"So shall no part of day or night
From sacredness be free;
But all our life in every step
Be fellowship with thee."

Step by step, "degree" by "degree", we ascend into the presence of God. Our daily routine is transformed into life on a higher level -- a life lived to the fullest even now, because lived in joyful contemplation of eternity with Christ.

BROUGHT BACK THE CAPTIVES: Though the AV implies a return from captivity (and of course there was such a return), the Hebrew seems to allow for a more spiritual application: ie, "restored the fortunes". The same phrase has the general sense of restoring of fortunes (and/or healing of diseases) in Job 42:10, where the blessings include, incidentally, long life and many children (cp Psa 127:3; 128:3,6)!

WE WERE LIKE MEN WHO DREAMED: We just couldn't believe it', or, 'It was like coming out of a nightmare.'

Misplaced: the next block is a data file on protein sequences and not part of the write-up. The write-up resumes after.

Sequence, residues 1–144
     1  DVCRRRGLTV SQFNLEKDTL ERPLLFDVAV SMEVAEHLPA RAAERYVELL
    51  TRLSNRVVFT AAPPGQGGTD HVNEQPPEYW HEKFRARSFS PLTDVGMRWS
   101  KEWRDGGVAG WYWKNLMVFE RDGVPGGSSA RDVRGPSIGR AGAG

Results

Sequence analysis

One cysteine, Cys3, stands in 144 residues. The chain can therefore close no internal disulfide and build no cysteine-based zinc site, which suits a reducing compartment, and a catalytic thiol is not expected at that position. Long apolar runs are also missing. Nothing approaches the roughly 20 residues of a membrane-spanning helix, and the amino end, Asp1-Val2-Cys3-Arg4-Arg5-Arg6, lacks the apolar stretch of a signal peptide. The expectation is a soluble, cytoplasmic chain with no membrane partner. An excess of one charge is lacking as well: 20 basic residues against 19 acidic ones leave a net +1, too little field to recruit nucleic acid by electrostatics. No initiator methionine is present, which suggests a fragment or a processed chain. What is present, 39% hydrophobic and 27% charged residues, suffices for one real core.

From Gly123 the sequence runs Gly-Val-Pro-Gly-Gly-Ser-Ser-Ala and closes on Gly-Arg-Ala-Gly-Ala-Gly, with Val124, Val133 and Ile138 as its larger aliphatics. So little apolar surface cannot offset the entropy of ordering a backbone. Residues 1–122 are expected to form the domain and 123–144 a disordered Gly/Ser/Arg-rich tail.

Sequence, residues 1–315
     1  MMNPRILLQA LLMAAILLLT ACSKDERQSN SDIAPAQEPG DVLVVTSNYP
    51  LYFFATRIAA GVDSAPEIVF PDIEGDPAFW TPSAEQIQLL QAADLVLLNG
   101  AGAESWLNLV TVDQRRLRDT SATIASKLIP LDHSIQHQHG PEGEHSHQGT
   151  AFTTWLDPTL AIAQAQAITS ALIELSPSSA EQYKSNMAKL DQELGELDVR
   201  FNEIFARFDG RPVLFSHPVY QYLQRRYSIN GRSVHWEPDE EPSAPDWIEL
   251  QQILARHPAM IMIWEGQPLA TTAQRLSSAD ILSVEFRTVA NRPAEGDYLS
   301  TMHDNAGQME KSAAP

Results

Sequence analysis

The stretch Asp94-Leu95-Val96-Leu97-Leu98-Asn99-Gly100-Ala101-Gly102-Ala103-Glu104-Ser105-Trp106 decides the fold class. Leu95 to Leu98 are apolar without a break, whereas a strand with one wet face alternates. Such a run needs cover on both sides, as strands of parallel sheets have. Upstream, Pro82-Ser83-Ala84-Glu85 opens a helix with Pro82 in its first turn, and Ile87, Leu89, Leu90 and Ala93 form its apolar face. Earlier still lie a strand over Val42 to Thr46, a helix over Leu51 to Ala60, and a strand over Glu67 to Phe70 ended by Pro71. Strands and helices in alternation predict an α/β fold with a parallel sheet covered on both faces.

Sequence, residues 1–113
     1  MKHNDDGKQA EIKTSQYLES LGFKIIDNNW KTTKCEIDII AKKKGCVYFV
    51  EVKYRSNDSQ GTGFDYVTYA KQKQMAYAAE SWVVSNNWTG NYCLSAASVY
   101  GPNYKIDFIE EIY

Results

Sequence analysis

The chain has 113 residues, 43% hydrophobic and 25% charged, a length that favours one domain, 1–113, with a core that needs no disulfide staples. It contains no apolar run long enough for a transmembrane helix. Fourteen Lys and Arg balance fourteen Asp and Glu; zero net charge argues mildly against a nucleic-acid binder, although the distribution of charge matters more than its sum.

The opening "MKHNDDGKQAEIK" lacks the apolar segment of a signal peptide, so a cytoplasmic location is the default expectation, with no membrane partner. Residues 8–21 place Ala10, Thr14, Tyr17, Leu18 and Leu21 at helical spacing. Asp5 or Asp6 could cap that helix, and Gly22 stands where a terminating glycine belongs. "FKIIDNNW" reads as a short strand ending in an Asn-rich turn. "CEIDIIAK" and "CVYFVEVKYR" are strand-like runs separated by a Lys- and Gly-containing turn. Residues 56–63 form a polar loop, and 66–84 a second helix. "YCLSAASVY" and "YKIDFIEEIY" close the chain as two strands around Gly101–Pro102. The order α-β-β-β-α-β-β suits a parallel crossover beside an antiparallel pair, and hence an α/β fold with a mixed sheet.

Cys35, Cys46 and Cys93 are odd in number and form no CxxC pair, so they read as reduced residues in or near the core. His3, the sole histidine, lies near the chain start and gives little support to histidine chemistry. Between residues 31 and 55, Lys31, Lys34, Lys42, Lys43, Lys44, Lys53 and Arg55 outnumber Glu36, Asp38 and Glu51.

Psa 126:2

SONGS OF JOY: The songs of Isa 38:10-20 and Psa 120-134. And even among the Gentiles are the mighty deeds of Yahweh magnified and glorified (see 2Ch 32:23).

It is conceivable, to go a step further, that the returning captives of Assyria (Psa 120:5) bring with them a "mixed multitude": "We will go with you," they seem to say, "for we perceive that God is with you [Immanuel!]" (Zec 8:23; cp Psa 122:1,2).

Psa 126:4

STREAMS: "Aphikim" = channels or gorges. Job compared his three companions to such deceitful brooks of the south country, which in the spring are filled with water, but in the heat of summer are dried up to the dismay of thirsty travelers (Job 6:15-20). This annual phenomenon eloquently describes the vacillating fortunes of Israel throughout her history.